Film shooting these days can be really punishing. And if one tries innovation, things get tougher, as the cast and crew of cinematographer-turned-director Karthik Gattamneni's new Telugu directorial debut Surya Vs Surya got to know.
The schedule was extremely challenging as most of the shooting for Surya Vs Surya happened at night.
"Out of the 45 days we spent on shooting the film, nearly 40 days were spent on night shoots. It was extremely challenging not just for me but for my actors as well. Most of them found this experience nerve-wrecking as it required them to shoot at odd hours in the night," said Karthik.
The reason the film was mostly shot at night because it's the story about a character, played by Nikhil Siddhartha, suffering from Porphyria, a rare disorder that stops production of haemoglobin.
"The character can't face any natural source of light, including the sun. A lot of people mistook this film as a thriller, going by the trailer. The title here refers to the conflict between a character named Surya and the sun," he said.
"It's also about the conflicts within the character Surya. Some of us have inner conflicts that we can't resolve or express. Along the course of the film, how does Surya overcome his inhibitions of life forms the crux," he added.
He describes the film as a journey of self-exploration of a character suffering from the rare disease.
Karthik's inspiration for the story came from a visit to a night school in Hyderabad.
"On the facade of this college building, it was written -- day time earners, night time learners. I walked into the classroom and found people of all sections, age group and walks of the society. I thought what would happen if someone from an affluent family comes here to study," he said.
"As I kept thinking, I decided to create a character who'd fit in this college. In order to place the character in such an environment, I designed him with the medical condition of Porphyria, said Karthik, who couldn't find a producer for three years for the project.
Finally, luck favoured him at the right time.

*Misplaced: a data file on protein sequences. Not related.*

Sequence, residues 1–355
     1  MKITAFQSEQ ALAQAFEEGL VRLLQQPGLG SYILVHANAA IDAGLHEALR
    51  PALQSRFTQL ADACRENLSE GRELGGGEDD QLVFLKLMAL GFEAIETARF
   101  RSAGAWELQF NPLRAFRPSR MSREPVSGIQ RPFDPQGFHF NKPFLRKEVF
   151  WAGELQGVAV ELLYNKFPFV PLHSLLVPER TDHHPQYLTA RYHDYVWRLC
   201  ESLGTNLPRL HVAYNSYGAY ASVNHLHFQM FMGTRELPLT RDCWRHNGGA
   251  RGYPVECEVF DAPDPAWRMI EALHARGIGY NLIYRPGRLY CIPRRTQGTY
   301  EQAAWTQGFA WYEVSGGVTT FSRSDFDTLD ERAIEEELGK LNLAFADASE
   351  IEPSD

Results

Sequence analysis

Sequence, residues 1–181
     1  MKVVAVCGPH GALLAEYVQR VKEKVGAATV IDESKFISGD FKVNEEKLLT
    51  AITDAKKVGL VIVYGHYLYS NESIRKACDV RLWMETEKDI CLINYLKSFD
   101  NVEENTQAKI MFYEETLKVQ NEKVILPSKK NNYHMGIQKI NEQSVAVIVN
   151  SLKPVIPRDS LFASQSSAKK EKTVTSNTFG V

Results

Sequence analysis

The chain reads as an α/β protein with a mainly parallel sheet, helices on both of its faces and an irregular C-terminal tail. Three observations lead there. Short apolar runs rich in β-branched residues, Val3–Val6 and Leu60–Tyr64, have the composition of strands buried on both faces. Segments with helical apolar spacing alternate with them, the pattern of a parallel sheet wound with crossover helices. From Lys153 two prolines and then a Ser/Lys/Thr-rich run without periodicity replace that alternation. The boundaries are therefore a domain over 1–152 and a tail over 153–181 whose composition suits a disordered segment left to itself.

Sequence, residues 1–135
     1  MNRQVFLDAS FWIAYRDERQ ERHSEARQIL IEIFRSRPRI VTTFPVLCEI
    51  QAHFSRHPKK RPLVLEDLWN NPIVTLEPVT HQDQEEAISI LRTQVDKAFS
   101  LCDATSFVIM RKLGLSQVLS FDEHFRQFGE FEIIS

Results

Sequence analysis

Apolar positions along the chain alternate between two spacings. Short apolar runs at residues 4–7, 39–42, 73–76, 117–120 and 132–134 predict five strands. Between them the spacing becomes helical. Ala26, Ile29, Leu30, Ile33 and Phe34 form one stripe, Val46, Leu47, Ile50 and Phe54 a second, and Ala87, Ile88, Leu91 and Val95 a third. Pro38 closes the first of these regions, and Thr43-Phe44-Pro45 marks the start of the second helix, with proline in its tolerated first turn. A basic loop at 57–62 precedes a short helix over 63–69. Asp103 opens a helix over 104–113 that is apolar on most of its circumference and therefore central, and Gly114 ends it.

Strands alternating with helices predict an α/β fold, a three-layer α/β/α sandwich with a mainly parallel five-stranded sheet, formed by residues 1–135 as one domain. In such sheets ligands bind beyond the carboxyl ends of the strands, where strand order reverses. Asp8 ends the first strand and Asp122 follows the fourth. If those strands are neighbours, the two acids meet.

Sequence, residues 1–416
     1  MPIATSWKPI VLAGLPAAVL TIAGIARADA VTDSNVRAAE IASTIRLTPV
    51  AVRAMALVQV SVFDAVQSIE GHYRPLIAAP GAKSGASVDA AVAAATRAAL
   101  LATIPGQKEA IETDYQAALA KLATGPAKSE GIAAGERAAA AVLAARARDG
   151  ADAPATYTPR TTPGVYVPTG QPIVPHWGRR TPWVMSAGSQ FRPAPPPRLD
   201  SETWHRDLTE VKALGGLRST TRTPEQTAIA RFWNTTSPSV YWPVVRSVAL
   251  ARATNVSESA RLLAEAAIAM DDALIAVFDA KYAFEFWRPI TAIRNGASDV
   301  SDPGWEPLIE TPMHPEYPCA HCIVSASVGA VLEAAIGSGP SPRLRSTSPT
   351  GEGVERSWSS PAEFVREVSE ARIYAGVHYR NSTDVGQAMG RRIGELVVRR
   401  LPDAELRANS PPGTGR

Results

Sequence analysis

"When I was working on Karthikeya as a cinematographer, Nikhil casually asked me about my plans. I told him I'm interested in directing and when I narrated the story I had in mind, he said let's do it," he said.
"Nikhil believes that all the risky projects he has attempted so far have worked. He didn't mind about delivering a hit or flop. He wanted me to give him a quality film," Karthik confessed.
Thanks to Nikhil's back-to-back hits, finding a producer wasn't challenging.
"Once Nikhil came on board, people were ready to bet on him after the success of Swamy Ra Ra and Karthikeya," he said.
Calling Nikhil a great 'team player', Karthik said working with him was a delight.
"Post the release of Karthikeya, I could feel the pressure of directing Nikhil. After delivering two hits in a row, there are high expectations on this film. But Nikhil always kept motivating me and it helped me to concentrate on completing the film.
Surya Vs Surya, releasing on Thursday, also features debutant Tridha Chaudhary, Madhoo, Tanikella Bharani and Rao Ramesh in important roles.
Karthik chose Tridha because he wanted a heroine who wouldn't mind working at nights.
Besides the directing the project, he has also canned the shots.
"It's challenging, but at the same time easier from one perspective. I know what shots I wanted to capture and how to shoot it. Initially, I was little confused handling both because at times I'm bothered about the expression of my actors, while also worrying about the light on their faces," he said.